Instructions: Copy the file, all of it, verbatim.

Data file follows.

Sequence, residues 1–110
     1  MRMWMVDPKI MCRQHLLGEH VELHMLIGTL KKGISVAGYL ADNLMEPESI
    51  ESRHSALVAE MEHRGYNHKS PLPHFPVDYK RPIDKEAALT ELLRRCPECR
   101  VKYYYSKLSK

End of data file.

Sequence, residues 1–110
     1  MRMWMVDPKI MCRQHLLGEH VELHMLIGTL KKGISVAGYL ADNLMEPESI
    51  ESRHSALVAE MEHRGYNHKS PLPHFPVDYK RPIDKEAALT ELLRRCPECR
   101  VKYYYSKLSK